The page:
The GATTAscope uses the TIRFM process (total internal reflection fluorescence microscopy). To achieve total reflection, the laser beam does not hit the sample to be examined orthogonally, but at a flat angle. Therefore, the laser beam does not penetrate deeply into the sample, but instead only stimulates fluorescence of the molecules on the surface. The resulting image has a much higher contrast than an image produced by classical fluorescence microscopy.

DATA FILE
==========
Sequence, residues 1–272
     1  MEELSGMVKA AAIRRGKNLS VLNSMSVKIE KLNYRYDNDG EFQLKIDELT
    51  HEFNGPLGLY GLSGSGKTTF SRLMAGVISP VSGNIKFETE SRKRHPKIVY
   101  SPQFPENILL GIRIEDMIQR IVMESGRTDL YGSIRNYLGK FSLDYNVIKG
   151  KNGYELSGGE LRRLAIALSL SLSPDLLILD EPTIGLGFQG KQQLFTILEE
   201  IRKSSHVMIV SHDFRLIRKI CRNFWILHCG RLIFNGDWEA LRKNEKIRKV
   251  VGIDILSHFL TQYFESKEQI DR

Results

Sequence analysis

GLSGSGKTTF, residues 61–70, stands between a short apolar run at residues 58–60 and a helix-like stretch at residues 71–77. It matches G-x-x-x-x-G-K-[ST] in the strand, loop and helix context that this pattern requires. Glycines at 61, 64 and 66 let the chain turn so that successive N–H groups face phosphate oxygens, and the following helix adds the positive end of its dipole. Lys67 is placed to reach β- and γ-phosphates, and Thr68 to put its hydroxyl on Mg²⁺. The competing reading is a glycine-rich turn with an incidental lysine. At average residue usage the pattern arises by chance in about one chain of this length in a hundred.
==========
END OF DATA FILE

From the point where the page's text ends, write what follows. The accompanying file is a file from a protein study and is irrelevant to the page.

A radiation cage with mirror and lenses is moved vertically to set the critical angle required in the GATTAscope, so the beam does not go through the center of the lens but is deflected to the edge at a certain angle. Total reflection is achieved when the critical angle is reached exactly. Two Q-545 Q-Motion® precision linear drives take care of this job. Thanks to their piezoelectric inertia principle, they provide high nanometer-accurate position resolution, are compact and on top of that, inexpensive. Control is done by the E-870 PIShift driver electronics.